Cookies help us deliver our Services. By using our Services, you agree to our use of cookies. Learn More.

Roland Emmerich Has Some Super Interesting Comments About Moonfall

If director Roland Emmerich had a trademark present throughout most of his filmography, it would be "worldwide catastrophe." From "Independence Day" to "2012," his movies tend to involve some kind of existential threat to humanity's existence, and there's only a small group of specialists who can save the day. For his newest film, Emmerich uses a danger that's all too familiar but may just have humanity take a second look at the night sky — the moon.

The appropriately titled "Moonfall" follows Earth upon learning the moon has fallen out of its gravitational orbit and is instead on a collision path with the planet. With that kind of description, the stakes are already high, but Emmerich spoke about how they're adding more to the pot than just that in a recent interview with Vanity Fair. Apparently, the moon isn't what we initially thought, as Emmerich teases that we'll learn the "true" origin of the moon in the forthcoming flick. But that's not the only thing to expect. Suffice to say, audiences should anticipate plenty of the director's signature destruction sequences because this film will be a wild ride.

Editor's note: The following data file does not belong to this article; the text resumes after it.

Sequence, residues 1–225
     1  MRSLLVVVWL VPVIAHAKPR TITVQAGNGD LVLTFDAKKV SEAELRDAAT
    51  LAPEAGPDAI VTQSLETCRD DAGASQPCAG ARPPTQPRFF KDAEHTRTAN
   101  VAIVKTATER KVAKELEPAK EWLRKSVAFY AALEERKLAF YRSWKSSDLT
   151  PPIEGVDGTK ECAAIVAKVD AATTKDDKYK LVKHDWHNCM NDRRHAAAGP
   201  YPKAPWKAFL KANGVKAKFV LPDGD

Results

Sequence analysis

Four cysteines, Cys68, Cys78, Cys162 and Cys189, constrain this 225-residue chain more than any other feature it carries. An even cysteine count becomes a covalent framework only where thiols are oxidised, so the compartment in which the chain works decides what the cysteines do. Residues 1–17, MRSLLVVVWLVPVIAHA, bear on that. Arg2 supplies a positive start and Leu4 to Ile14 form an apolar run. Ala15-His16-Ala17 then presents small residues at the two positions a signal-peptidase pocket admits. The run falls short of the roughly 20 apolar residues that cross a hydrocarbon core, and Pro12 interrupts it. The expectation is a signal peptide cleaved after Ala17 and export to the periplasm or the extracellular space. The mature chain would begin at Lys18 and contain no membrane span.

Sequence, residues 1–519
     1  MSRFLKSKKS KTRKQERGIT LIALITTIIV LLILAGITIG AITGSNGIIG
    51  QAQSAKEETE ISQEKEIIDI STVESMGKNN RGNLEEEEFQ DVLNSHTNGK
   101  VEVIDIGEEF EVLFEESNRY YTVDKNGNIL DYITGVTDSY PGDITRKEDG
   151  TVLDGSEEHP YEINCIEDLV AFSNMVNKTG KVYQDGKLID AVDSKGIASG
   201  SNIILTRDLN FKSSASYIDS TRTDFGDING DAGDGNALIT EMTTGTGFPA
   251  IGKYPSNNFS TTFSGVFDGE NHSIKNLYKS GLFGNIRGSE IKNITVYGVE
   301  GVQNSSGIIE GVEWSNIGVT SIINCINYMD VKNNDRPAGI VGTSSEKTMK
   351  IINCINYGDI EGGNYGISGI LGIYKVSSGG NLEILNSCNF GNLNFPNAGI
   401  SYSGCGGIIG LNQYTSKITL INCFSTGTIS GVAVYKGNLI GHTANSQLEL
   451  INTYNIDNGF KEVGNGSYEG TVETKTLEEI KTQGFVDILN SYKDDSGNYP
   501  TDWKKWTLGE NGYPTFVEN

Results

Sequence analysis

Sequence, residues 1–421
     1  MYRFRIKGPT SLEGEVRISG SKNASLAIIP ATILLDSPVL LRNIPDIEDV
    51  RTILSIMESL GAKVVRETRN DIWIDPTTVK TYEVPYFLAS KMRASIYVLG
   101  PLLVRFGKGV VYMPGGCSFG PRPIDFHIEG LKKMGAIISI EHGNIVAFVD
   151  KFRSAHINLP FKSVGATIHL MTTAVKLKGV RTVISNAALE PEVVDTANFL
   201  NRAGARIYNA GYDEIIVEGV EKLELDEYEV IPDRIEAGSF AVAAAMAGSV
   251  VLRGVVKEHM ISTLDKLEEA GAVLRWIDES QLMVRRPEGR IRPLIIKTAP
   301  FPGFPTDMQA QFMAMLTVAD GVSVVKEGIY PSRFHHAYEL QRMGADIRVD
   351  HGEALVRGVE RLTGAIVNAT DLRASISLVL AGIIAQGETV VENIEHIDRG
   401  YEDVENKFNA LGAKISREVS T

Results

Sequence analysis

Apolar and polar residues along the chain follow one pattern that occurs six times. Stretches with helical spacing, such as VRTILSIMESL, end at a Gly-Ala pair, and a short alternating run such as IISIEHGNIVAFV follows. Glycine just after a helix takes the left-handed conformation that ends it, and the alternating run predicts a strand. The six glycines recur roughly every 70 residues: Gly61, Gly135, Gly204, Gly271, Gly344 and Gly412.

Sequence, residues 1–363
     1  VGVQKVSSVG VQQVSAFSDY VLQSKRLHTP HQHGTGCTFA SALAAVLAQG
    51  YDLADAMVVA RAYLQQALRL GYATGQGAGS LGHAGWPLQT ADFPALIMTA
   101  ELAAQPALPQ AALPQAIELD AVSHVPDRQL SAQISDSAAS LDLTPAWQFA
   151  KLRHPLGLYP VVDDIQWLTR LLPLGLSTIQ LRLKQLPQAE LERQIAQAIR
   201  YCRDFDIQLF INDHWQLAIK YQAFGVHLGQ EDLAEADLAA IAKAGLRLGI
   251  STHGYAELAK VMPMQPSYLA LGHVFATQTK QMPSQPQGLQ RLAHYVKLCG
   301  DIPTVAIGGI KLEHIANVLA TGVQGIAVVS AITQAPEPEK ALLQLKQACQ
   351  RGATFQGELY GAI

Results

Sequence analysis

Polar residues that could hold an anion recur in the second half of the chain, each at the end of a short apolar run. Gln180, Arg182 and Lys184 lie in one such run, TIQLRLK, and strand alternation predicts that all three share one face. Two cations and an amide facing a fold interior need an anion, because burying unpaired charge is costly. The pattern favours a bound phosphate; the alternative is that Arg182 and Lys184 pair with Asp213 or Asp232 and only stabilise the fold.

Roland Emmerich teases 'gravity craziness' in Moonfall

Naturally, things get thrown out of whack as the moon gradually gets closer to Earth, as Emmerich teased to Vanity Fair. He stated, "The moon naturally comes very close to Earth, and we have all this gravity craziness happening on Earth." You can get a taste of what this "craziness" entails by checking out the "Moonfall" trailer, which has all of the hallmarks of a classic Emmerich film. Naturally, the moon's displacement wreaks havoc on the Earth's tides, and it looks like debris will rain down from the sky. And yet, those events likely won't involve the craziest images we'll get out of the movie.

The director goes on to tease, "At one point the moon slides over New York and pretty much rips out a couple of the tall buildings — and they'll end up in the Rockies." Vanity Fair published an image of one of these sights, namely the Chrysler Building resting sideways on one of the snowcaps. It just wouldn't be an Emmerich movie without such a shot, as he says, "That's my signature thing anyway — famous buildings in places where they don't belong."

Looking at his filmography, it's readily apparent Emmerich loves destroying iconic landmarks from the White House in "Independence Day" to the Hollywood sign in "The Day After Tomorrow." It looks like he won't let up any time soon, so buckle up for more destruction when "Moonfall" hits theaters on February 4, 2022.